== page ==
When Valorant was first announced, Riot Games made a huge deal out of the fact that the game was designed for optimal performance, and they have stayed true to their promise. Even for players running the game on older hardware, reaching a solid 60 FPS and sometimes even 144 FPS isn’t that difficult.
However, being able to keep track of that performance will allow you to determine how consistently you’re able to maintain your frame rates. This makes it easier to select the optimal graphics settings and will also allow you to figure out what’s going wrong when you do experience drops in performance.
Keep in mind that you’ll need to enable the performance metrics in the first place if you want to be able to see them over the course of a match. Performance metrics can take up a bit of space and be a bit distracting, but if you’re trying to maximize your performance, they’re worth having on.
Start by heading into your settings menu and then head to the Video section. In there, you’ll find the Stats options. In this sub-menu, you’ll be able to decide which stats are visible, and you can choose to show them as text, graphs, or both. Text is usually the best option if you want to keep your UI looking relatively clean.
Valorant has somewhat more detailed performance metrics than many other games, which is fitting when you consider the emphasis that Riot Games has placed on good performance in this title. Whereas most other games only feature FPS, there are a few different metrics that you may never have heard of featured in Valorant.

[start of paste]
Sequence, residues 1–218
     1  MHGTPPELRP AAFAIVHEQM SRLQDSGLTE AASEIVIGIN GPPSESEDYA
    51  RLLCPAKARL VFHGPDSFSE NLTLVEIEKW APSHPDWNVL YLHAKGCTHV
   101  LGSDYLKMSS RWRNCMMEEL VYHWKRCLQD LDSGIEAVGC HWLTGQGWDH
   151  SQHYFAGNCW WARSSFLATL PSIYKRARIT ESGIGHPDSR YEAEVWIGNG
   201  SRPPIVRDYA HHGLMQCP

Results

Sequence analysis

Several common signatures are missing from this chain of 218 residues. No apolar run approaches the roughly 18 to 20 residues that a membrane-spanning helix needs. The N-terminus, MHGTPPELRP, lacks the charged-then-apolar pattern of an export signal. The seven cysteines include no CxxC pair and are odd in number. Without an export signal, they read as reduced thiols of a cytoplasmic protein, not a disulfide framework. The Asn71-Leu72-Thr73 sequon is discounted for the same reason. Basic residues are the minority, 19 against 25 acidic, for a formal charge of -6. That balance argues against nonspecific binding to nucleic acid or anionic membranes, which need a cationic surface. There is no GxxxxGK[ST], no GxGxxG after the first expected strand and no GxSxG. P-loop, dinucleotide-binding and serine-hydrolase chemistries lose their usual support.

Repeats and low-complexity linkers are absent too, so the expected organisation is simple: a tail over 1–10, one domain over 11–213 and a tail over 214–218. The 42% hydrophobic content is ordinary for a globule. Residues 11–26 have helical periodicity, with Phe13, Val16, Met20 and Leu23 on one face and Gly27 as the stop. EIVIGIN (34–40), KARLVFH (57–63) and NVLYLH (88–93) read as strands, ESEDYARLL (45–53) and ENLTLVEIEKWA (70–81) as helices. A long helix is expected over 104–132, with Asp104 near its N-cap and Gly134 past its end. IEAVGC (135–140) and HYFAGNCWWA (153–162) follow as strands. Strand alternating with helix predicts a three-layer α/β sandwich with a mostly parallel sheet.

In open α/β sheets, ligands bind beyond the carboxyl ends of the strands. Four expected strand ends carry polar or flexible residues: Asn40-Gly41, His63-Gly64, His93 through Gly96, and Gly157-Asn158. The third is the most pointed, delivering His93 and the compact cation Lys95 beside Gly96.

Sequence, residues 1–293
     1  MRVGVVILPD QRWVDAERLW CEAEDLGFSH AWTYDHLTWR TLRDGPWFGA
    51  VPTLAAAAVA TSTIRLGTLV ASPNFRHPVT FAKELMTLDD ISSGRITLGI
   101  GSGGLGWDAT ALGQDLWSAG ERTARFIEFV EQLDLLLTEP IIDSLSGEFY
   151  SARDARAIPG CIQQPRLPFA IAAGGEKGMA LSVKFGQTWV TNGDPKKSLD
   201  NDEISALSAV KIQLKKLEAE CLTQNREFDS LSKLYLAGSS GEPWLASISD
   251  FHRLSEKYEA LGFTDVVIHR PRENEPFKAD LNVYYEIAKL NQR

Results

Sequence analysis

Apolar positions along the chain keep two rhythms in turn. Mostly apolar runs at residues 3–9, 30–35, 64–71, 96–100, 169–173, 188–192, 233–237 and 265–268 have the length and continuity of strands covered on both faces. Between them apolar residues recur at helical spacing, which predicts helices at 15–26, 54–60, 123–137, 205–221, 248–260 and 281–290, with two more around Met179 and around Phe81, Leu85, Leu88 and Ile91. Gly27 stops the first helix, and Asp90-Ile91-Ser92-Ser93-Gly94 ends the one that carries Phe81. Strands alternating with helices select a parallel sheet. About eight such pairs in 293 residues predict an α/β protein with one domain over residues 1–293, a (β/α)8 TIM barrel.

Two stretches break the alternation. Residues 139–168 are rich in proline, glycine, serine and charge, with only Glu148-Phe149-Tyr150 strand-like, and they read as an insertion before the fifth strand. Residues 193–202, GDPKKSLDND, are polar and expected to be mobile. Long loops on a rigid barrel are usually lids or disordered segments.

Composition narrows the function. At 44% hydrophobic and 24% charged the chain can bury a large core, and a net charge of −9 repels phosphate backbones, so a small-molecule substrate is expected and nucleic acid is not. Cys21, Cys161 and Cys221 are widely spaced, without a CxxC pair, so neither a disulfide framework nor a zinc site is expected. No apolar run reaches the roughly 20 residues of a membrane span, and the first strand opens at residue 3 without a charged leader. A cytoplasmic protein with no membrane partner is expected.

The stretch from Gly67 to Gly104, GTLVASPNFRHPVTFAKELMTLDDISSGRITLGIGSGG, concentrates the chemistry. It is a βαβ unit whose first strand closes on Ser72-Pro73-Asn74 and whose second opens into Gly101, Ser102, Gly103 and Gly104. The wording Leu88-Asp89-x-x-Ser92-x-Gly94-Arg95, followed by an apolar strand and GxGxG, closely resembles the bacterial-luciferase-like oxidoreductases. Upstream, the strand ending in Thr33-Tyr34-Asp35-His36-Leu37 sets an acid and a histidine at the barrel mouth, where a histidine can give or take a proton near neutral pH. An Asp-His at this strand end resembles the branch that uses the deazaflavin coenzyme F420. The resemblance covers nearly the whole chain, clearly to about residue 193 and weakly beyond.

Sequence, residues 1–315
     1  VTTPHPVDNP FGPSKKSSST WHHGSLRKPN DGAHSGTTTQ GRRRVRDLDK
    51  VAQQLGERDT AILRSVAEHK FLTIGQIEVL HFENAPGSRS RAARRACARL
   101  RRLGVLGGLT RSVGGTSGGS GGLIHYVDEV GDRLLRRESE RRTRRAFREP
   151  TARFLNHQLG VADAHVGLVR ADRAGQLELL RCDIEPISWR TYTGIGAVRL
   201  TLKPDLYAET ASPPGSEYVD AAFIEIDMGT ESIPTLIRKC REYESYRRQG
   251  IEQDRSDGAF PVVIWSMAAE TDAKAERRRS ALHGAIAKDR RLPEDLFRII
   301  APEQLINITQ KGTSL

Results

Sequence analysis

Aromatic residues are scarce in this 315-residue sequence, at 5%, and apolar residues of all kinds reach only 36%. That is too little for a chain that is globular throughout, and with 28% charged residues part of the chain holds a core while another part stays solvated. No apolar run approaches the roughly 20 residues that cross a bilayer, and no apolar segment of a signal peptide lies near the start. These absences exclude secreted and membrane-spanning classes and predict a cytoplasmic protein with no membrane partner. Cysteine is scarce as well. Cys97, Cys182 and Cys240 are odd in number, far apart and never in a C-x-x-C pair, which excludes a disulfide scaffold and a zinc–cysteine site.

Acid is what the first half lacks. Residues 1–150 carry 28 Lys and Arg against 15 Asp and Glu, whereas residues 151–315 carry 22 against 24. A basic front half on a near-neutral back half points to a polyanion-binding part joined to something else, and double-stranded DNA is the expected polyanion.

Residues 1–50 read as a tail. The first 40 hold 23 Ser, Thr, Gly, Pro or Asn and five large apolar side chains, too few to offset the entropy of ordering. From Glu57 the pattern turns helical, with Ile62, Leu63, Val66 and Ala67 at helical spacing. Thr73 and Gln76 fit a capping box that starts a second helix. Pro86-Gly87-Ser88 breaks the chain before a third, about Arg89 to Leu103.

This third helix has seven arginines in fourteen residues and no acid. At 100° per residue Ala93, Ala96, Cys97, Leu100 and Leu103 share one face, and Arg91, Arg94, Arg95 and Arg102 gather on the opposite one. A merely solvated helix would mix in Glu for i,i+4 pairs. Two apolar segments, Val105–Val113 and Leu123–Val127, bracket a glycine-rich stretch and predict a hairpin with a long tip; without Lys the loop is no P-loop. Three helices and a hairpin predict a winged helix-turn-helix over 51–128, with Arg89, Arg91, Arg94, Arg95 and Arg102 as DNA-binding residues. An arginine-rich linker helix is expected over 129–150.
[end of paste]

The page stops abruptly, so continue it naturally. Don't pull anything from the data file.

As you would expect, the most prevalent stat that you can keep track of is the client FPS, which is the number of frames per second that your game is producing. This can range from the relatively baseline 60 fps to 144 or even 240 FPS. Keep in mind that you won’t benefit from higher FPS unless your computer’s monitor features a fast enough refresh rate.
The next stat that you can track is the tick rate of the server that you’re on. Most people keep this disabled because all Valorant servers should be running at 128 ticks by default. However, if this number drops, you can guess that something has gone wrong with the server or your connection to it.
CPU frame time tells you how long it’s taking your CPU to render and process a frame. This number should be low because if it rises, there’s a chance that you’ll start dropping frames. This is also the case for the GPU frame time stat, except that it applies to your GPU instead of your CPU.
Packet loss is one of the more important metrics that you should keep an eye on because it determines how stable your connection to the server is. More packets being lost means that there’s a higher chance of you lagging or rubberbanding.
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